Drug-induced parkinsonism (DIP) is the second most common cause of parkinsonism after idiopathic Parkinson's disease (iPD). Initially reported as a complication of antipsychotics, it was later recognized as a common complication of antidepressants, calcium channel antagonists, gastrointestinal prokinetics, antiepileptic drugs and many other compounds. Despite being a major health problem in certain populations, it seems to be frequently overlooked by the medical community.

This paper approaches the concept of DIP, reviews its epidemiology, clinical features and ancillary tests recommended for a correct diagnosis. The authors discuss the different drugs and its pathogenic mechanisms. The relevance of an early recognition and recommendations for a correct management are commented.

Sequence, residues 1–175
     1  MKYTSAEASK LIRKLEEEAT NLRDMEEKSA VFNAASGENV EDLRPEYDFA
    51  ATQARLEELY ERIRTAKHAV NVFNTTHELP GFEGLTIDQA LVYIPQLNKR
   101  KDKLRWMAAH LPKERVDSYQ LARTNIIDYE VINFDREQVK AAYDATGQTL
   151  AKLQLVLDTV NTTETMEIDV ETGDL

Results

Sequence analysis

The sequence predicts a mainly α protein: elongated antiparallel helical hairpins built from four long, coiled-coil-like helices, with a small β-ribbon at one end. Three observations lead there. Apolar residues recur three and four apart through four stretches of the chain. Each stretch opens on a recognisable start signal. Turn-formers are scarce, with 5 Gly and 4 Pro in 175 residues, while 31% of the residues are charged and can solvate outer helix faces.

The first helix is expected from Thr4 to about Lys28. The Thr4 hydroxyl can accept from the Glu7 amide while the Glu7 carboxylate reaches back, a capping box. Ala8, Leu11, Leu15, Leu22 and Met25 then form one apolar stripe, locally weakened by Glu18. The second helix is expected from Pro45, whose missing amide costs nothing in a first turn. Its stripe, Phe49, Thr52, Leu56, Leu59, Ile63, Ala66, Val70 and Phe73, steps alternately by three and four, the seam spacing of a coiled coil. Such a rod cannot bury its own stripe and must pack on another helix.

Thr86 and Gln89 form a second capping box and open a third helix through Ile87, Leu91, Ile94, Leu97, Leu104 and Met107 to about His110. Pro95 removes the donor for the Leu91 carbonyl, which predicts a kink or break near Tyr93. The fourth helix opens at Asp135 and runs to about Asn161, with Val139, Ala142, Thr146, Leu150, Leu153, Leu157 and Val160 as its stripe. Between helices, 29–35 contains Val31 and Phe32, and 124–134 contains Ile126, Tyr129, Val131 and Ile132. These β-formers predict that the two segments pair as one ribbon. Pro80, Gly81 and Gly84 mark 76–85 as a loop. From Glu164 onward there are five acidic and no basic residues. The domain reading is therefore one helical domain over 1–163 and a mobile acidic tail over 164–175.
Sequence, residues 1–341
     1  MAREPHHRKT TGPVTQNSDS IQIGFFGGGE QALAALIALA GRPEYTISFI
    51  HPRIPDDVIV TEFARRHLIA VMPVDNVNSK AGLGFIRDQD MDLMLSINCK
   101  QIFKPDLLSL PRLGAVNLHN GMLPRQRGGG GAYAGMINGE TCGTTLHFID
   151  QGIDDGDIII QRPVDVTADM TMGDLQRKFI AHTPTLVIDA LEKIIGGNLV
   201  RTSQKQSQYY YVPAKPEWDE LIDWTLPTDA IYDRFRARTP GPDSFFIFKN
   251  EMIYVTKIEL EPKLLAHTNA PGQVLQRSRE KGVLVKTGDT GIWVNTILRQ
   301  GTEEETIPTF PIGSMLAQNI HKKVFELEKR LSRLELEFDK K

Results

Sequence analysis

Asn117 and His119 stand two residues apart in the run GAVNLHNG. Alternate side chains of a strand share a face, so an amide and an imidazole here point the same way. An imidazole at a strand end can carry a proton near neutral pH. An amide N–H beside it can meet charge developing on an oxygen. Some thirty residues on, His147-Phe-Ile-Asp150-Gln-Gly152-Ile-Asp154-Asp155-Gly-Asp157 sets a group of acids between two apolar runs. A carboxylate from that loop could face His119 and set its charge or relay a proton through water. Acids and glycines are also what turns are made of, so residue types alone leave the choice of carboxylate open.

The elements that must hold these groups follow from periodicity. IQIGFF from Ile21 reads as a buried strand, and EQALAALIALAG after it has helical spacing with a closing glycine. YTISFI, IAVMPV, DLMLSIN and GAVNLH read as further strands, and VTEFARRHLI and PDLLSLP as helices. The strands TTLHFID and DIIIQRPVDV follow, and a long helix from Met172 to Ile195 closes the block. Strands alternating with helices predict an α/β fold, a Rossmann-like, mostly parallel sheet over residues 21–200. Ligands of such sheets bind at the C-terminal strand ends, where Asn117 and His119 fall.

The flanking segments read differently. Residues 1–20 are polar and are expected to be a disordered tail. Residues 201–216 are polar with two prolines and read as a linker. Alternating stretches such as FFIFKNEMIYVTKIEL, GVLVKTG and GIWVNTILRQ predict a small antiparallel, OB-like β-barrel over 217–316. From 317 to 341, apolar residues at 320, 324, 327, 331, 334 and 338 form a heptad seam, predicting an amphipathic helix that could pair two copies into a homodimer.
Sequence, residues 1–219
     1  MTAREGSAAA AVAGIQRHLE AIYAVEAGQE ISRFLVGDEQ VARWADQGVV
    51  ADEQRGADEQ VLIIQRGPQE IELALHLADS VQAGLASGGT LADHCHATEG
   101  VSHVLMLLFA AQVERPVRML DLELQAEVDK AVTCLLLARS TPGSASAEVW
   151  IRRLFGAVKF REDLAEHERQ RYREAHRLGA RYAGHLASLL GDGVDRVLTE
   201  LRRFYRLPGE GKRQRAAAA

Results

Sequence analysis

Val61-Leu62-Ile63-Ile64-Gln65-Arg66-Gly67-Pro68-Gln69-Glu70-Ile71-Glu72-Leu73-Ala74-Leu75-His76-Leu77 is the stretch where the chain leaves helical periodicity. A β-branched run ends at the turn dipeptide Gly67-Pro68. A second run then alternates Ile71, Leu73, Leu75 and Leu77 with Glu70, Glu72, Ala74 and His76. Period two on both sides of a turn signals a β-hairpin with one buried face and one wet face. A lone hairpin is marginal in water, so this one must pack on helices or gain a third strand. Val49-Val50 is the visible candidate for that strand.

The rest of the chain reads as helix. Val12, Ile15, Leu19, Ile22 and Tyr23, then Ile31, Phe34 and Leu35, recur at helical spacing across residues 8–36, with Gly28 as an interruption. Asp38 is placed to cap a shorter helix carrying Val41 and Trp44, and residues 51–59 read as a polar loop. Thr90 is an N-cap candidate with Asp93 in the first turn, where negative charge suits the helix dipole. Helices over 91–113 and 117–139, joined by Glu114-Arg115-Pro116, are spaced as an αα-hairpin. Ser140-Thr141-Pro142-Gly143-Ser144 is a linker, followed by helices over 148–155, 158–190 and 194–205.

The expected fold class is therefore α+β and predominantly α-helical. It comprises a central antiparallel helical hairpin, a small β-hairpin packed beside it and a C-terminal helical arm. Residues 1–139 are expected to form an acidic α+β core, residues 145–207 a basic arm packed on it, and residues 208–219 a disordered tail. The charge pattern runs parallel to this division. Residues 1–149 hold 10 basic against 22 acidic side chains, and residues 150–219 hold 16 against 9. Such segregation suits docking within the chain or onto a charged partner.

Prescribers need to remain vigilant for DIP, particularly in the elderly, patients taking multiple drugs and those with genetic risk factors involved in iPD. Cessation of the causing agent is the main treatment and there is no evidence of benefit for the use of anticholinergics or levodopa. If the medication cannot be withdrawn, it should be switched to agents with a lower risk of DIP.

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